In 1457, the inhabitants of a small French town witnessed a gruesome murder of a little boy. The perpetrator, a female, snuck into the house while the child’s mother was out and mutilated the little boy while he lay in bed. The townsfolk found the perpetrator covered in blood and placed her on trial. They found her guilty and then she was hung by an executioner.
This story may not seem surprising—a murder followed by trial and punishment—but what distinguishes it is that the perpetrator was not a human but a pig. And that the townsfolk pressed criminal charges instead of making bacon suggests that they weren’t just looking to end a threat, but to find someone to blame. Though we may scoff at the foolishness of French peasants, recent research suggests that when bad things happen, people universally look for something to someone to blame. And when people can’t hold livestock accountable, they often find another, more powerful agent – God.
Scholars have proposed numerous reasons why many people believe in God: Shielding us from the fear of death, explaining celestial motions, or even making us moral. New research coming out of our lab, however, suggests that what compels us to believe in God isn’t a desire to explain unexplainable events per se, but unexplainable moral events. There is something special about receiving harms or help that lead us to see a higher purpose. So, when a tree falls in the forest without explanation we might shrug it off, but when that tree fall on our brother, we ask God “Why?!”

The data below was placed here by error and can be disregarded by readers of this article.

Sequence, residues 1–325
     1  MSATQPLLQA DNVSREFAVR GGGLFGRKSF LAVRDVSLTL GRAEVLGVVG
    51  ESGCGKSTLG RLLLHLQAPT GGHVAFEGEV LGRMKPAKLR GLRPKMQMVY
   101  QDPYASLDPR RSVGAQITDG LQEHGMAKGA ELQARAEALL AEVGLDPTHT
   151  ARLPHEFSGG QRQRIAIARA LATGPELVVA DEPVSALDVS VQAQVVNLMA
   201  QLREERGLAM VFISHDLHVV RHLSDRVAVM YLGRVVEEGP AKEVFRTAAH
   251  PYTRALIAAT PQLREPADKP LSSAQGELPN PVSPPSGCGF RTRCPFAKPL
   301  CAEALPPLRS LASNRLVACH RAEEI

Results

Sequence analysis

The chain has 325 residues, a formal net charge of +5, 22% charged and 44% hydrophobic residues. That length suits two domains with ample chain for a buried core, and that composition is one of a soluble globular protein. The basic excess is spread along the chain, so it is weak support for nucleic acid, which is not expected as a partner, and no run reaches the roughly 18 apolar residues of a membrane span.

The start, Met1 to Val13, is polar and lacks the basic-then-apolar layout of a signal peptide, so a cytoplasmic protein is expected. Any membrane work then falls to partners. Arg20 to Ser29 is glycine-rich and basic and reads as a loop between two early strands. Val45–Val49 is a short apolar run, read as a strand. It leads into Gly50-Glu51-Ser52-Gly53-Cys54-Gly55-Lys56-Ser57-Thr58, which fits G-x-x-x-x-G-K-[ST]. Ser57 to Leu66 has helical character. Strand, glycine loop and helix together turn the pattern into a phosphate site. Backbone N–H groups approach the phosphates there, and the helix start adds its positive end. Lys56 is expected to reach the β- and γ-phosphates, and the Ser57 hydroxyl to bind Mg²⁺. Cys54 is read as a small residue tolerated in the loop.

In one study, we described a scenario in which a family went for a picnic in the bottom of a ravine. Mid-way through the picnic, water suddenly rushes through the gorge; half of participants read that the cause was unexplained or that it was due to an evil dam worker upstream. These two conditions were crossed with another manipulation, which told readers that the family either escaped with soggy sandwiches or perished in the flood. Only in the case where the cause was unexplained and the family died, did people think that God had a hand.
This suggests that people believe in God most strongly for suffering, rather than salvation. For though we may thank God for good things, it’s the things that go wrong that we really ponder over. It is when we’re victims of disease or misfortune that we really search for someone to blame for our woes. Nowhere is this more apparent than after Hurricane Katrina, when leaders across the country suggested that God sent the storm to punish people for their evil ways.
This idea that suffering leads to belief in God was further confirmed in a study that looked at religious belief and suffering on a state by state basis. Those states that had a higher “suffering index,” a composite death rate, disease rate, and crime rate also believed more in God. Of course, questions of religious belief are complex, but this suggests that the more you suffer, the more power you ascribe to the Almighty.
Kurt Gray is a social psychology professor at the University of North Carolina.
This article appeared in Psychology Today on 12 January 2010